Book Tour Lesson: Listen to Publisher

Melanie Benjamin, author of Alice I Have Been, reflects on book tours, in an article for the Huffington Post.  Especially the difference between the one she put together herself several years ago and the one she is currently doing with the help of her publisher.

“I’ve also learned to listen to my publisher. When a bookstore contacts me personally about an appearance, I pass the request on to my publicist. Only once did I ignore her advice and do an event anyway.

Only the janitor showed up.”

And this month’s issue of Christian Fiction Online Magazine features a great article by James Rubart and his recent book signing experiences.

Meanwhile, enjoy this hilarious YouTube video about a Waldenbooks signing:

HT: Shelf Awareness

6 Responses to Book Tour Lesson: Listen to Publisher

  1. Avatar
    Andrea Boeshaar January 10, 2011 at 11:46 am #

    Oh, my! I have been at some of those book signings!!

  2. Avatar
    Andra M. January 10, 2011 at 8:46 pm #

    That’s one reason why getting published scares me. I don’t want to endure book signings!

    I’m almost tempted to just keep dreaming and going no further.

    Almost.

    Thanks for the other links. I’ll go check them out.

  3. Avatar
    Lenore Buth January 11, 2011 at 11:55 am #

    Love the YouTube and thanks for the laugh. I’ve been in that chair, only not in Waldenbooks. After an hour or so of trying to look welcoming and “sparkly,” my cheeks hurt.

    Next time I’d come equipped with bookmarks, etc., even if I had to pay for their publishing.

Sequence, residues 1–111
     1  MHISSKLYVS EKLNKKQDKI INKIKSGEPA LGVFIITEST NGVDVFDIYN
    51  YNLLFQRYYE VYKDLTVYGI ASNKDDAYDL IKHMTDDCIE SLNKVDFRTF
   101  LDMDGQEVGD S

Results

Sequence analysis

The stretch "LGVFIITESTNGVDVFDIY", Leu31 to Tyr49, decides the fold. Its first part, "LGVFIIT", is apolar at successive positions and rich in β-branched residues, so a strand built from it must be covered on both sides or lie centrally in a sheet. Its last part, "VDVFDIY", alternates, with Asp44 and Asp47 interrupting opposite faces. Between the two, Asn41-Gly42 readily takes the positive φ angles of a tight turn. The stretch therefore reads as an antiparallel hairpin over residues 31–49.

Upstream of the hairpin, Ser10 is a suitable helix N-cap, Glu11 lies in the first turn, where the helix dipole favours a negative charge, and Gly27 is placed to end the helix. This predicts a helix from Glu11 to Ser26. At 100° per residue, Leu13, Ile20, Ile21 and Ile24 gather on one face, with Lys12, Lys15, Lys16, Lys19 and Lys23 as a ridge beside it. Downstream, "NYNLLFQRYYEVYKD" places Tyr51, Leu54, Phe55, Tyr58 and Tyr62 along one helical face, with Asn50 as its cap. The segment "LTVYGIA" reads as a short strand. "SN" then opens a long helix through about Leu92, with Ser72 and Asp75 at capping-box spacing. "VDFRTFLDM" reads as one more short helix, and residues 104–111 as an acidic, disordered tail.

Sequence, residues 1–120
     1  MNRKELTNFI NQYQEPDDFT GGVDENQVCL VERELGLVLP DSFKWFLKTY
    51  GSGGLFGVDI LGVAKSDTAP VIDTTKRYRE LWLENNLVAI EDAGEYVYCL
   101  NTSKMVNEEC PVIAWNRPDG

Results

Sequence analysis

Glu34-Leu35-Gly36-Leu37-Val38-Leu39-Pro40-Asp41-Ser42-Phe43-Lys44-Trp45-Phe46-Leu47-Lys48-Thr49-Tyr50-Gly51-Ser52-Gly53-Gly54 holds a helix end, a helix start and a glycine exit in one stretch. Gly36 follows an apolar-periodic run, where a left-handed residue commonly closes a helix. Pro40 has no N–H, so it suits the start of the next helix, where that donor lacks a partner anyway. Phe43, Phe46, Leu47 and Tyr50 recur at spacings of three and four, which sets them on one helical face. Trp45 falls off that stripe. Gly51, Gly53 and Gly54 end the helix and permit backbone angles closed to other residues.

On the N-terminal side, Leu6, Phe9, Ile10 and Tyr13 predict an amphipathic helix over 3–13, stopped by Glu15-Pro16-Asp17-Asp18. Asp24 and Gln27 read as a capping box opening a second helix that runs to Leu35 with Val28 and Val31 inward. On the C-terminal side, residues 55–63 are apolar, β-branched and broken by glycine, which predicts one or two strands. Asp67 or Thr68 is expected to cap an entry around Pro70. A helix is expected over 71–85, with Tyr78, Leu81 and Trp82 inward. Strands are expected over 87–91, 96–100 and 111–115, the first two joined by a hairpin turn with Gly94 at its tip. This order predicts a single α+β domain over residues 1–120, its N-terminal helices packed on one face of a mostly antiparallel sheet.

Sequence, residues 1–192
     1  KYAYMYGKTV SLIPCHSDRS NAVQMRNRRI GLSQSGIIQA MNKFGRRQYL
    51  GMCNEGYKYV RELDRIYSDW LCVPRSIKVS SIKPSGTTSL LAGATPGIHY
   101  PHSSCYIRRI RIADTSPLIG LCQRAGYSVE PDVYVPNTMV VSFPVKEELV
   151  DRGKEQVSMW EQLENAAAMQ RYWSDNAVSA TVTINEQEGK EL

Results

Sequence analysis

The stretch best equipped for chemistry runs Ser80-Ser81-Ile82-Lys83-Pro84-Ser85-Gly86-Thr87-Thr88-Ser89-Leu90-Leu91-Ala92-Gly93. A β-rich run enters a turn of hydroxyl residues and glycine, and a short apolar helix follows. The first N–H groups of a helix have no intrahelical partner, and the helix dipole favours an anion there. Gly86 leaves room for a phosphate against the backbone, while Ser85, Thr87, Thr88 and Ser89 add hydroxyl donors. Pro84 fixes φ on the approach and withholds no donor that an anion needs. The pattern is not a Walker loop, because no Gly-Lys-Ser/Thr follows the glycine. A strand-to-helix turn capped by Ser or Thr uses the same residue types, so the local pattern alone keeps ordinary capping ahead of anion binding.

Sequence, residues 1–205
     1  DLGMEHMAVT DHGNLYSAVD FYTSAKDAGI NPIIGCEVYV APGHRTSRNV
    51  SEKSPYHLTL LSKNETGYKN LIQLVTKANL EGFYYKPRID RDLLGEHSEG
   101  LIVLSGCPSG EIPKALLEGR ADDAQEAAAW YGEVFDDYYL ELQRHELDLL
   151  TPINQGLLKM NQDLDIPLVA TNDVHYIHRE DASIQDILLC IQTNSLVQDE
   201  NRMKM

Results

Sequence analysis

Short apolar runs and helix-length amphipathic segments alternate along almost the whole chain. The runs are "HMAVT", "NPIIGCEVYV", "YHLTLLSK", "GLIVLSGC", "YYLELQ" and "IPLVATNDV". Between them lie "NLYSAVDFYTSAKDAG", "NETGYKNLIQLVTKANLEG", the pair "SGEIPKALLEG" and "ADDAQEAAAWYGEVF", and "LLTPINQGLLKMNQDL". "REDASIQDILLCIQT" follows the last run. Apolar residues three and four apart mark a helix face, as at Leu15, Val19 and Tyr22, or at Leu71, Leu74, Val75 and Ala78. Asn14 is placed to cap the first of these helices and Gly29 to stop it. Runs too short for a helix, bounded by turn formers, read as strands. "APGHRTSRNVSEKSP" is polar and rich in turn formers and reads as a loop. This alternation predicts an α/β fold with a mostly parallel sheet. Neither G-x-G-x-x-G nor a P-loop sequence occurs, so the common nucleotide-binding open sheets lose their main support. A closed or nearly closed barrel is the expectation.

I don’t know who said it first, but life truly is one long learning experience, isn’t it?

  4. Avatar
    Pamela Meyers January 11, 2011 at 1:48 pm #

    Ironically, I heard author Melanie Benjamin on the radio on our local talk radio station WGN Sunday afternoon while I was in my car. Very interesting discussion that centered on a lot of things, including how a few years ago when she was discouraged for not having any of her proposals picked up, she decided to write a book that seemed to be what pubs were looking for, and it sold as a two-book deal.
    The first book had moderate success but not great, and she was feeling very uncomfortable because it was not a genre she was comfortable writing and “it wasn’t her.”
    When she wrote her current book which is fiction based on historical fact about Louis Carroll and the girl who was the inspiration for Alice in Wonderland, she decided to not publish under her real name since she had such dismal numbers with her first book and didn’t want to be associated with it. Benjamin is one of her son’s first name. She combined her real first name with that for a pen name.
    It was a very interesting interview.

  5. Avatar
    Leigh DeLozier January 12, 2011 at 10:06 pm #

    I’ve been in that poor man’s shoes, just at Borders instead of WB. A very small house published my devotional books so every bit of publicity and PR was up to me. My first signing was great because I stacked it with lots of family and friends who hadn’t seen the book yet. 🙂 The next signing was an absolute bust. The store rep was so excited and promised to do so much … then transferred to another store within days of my signing. Drove 2 hours to get there and the staff had no idea I was coming. The only good thing about the day was my mom went with me so we had a great visit.
    Live and learn …

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    […] was further brought home with a recent blog entry by Literary Agent Steve Laube about the importance of listening to your publisher about when and […]

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